As many of you may know, Mike and I have been on a two-week jaunt through the Emerald Isle occasioned by his participation in a golf tournament in County Cork. A visit to Ireland means, for him, plenty of Jameson and Guinness (both of which he enjoyed in ample measure) and for me (really for us both, because he likes it, too) it means enjoying a pint of good Irish hard cider.
I’m not, nor have I ever been, a big beer drinker, chiefly because I don’t even remotely like bitterness in food or drink. I figure natural selection gave me bitter taste receptors to warn me off of poisonous foods, so why tamper with 4 million years of genetic tweaking?
I can drink the maltier, non-hoppy brews (it’s the hops that impart the bitter character so many beer aficianados covet) and have found a very few microbrewery offerings that go down pretty easily over the years. But I’d still rather have something else and figured what with the carbs and calories involved why push myself to drink something that I don’t really enjoy and that can only cause me bariatric pain in the end? So in days gone by, when all around me were into their Black and Tans or their Guinness Stouts or their Firestone Double Barrel Ales at pub gatherings, I’d either opt for a glass of wine (which sometimes leaves you feeling like a bit of an outcast and in many cases isn’t the very best wine you could hope for) or I would painfully nurse a pint of something just to join in with the gang.
Then, about 10 years ago, I discovered hard cider and pub life was forever changed for me.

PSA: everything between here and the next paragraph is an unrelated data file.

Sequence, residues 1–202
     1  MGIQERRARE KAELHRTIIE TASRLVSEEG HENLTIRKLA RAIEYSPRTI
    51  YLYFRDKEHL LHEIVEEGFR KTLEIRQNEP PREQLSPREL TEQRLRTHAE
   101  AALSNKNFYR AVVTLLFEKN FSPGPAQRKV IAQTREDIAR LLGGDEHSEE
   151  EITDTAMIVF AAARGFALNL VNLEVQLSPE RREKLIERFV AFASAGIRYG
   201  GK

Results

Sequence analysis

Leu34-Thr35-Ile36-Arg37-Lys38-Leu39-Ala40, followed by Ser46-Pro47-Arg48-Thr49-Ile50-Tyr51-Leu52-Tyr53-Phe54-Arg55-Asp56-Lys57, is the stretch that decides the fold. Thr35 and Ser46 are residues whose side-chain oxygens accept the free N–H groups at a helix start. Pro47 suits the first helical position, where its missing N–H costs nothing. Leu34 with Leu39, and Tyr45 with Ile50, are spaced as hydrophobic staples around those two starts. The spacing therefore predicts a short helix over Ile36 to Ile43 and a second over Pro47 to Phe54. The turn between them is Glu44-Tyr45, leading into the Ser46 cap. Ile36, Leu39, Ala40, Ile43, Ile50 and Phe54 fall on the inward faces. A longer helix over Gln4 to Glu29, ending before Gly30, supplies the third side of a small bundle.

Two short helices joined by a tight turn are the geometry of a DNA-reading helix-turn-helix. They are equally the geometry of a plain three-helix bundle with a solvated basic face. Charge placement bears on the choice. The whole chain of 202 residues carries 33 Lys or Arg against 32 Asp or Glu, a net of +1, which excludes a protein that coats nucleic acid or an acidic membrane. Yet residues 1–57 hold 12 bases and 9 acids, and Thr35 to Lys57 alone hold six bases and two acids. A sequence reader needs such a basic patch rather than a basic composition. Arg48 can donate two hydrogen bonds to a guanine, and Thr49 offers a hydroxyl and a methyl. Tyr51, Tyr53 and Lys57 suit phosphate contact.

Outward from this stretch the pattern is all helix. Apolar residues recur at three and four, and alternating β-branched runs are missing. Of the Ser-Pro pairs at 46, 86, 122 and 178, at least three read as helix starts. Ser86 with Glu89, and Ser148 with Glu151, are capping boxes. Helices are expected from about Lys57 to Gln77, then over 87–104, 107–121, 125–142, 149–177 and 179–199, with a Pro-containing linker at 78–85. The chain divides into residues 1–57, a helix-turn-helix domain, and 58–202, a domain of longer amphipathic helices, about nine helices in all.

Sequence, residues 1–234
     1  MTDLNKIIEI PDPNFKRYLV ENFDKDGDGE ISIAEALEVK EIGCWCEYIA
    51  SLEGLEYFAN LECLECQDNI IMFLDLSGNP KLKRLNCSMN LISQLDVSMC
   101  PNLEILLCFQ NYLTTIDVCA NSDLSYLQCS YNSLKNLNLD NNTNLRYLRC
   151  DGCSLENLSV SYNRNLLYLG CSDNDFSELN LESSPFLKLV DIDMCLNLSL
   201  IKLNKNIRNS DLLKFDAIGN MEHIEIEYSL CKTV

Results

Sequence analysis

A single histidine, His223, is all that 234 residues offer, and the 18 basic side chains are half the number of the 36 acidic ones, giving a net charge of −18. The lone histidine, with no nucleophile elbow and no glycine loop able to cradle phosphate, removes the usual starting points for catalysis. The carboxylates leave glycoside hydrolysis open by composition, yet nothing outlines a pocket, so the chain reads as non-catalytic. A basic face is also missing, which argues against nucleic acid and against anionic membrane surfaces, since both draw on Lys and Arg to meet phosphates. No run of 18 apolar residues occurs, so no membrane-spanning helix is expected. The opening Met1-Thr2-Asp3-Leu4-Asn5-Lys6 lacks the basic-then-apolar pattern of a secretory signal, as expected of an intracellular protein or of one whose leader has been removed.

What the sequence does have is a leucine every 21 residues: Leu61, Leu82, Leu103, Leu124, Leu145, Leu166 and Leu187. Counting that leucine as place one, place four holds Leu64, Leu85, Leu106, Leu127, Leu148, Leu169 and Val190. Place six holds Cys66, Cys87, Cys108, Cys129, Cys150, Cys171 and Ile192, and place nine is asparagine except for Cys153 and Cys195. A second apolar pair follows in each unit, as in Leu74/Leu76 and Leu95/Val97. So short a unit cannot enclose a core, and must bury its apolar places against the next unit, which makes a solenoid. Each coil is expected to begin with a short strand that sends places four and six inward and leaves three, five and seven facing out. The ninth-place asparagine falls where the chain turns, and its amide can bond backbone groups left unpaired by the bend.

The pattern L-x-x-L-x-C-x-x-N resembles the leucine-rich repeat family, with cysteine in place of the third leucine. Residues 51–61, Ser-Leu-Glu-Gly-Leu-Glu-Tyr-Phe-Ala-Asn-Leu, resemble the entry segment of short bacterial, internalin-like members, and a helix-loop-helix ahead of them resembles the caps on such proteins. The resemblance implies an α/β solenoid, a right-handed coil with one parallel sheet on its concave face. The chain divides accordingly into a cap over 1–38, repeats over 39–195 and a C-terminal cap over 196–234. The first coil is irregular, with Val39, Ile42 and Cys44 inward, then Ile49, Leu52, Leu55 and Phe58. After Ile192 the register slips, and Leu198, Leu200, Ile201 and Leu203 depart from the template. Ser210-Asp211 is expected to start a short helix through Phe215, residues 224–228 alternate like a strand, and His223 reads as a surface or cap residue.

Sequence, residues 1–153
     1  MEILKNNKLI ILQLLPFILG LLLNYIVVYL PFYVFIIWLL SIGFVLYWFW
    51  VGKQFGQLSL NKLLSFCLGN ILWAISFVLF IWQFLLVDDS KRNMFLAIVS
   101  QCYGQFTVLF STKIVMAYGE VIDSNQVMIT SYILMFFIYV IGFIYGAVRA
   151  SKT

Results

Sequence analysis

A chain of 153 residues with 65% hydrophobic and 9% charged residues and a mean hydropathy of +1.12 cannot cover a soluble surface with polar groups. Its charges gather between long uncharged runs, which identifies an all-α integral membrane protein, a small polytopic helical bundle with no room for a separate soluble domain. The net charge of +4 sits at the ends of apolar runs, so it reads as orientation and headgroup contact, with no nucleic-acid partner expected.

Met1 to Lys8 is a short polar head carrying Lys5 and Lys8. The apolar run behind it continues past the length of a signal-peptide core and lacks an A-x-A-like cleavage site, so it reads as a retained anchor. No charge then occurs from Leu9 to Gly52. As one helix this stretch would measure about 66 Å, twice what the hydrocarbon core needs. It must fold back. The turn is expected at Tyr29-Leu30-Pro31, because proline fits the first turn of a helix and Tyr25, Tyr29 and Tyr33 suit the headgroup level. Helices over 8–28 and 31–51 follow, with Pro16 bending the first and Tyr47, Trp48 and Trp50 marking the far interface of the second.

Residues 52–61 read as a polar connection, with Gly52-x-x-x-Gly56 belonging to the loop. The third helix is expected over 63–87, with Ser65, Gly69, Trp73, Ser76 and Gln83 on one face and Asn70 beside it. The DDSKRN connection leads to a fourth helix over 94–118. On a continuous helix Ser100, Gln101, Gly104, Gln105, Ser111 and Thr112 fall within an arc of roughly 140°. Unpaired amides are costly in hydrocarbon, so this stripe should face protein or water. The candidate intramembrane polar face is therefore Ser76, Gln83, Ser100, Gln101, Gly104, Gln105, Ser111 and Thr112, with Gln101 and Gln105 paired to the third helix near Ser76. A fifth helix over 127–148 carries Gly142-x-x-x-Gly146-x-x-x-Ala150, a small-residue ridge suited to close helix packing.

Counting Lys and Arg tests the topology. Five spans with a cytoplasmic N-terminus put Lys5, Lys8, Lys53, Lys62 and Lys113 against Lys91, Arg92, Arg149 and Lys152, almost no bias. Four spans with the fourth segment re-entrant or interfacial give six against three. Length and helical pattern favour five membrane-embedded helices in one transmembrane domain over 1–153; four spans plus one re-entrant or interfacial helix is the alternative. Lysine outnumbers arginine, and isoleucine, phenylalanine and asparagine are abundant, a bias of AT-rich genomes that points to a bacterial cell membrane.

Now I had something that tasted as good as it looked, brimming golden over the rim of the glass, and that I truly could enjoy. Now, I, too, could order a pint!
And on this two week sojourn that took us from Dublin to Galway to Lahinch to Kinsale to Cork, I did so with (I admit it) pretty much reckless abandon. It was vacation, after all.
Historians tell us that fermented cider, not ale, was the chief alcoholic drink of the American colonies, so there’s even a patriotic connection to ordering a pint of cider to be proud of. Whereas the colonists probably fermented their apple cider in non-airtight containers and so didn’t capture the carbon dioxide released from the fermentation of sugar to alcohol, today’s hard ciders are made much like beers, giving them a lovely bit of sparkle. The result is a delicate beverage with a lightly sweet flavor and an alcohol content somewhere in the 4 to 5% range. Even though a portion of the natural sugar in the apple juice has been converted to alcohol, to be sure there still a bit there and so drinking a pint of cider is, for a low-carber, something of a guilty pleasure.
Drinking a lot of pints is a real dietary vacation!
I’ve long wished that someone would make a ‘light’ cider, so that I could enjoy with less metabolic impact. And, on this trip, I discovered that, at least in Ireland, someone does. Bulmer’s, the prevailing cider brand throughout Ireland, makes a Bulmer’s Light Cider that has only 92 calories and only about 3 or 4 grams (if I remember the label correctly) of residual sugar. It’s sweetened with a blend of sucralose and aceK. We ran across it in a grocery market in Dublin, sold in cans, and I had great hopes that I’d find it in some pubs along the way, but never did. Still, it’s a comfort to know it exists.
Bulmer’s cider has been imported into the US since about 2000, as I understand it, but under the Magner’s name. So far, I’ve only been able to trace the original product and have found no mention of the ‘light’ but it gives me hope that in the future some savvy beverage importer might bring the reduced carb/reduced calorie version to our shores.
If anyone out there knows of a US available light version, please do share with us all!
Until then, I will just have to content myself with the occasional pint of Hardcore on tap at my local Irish pub.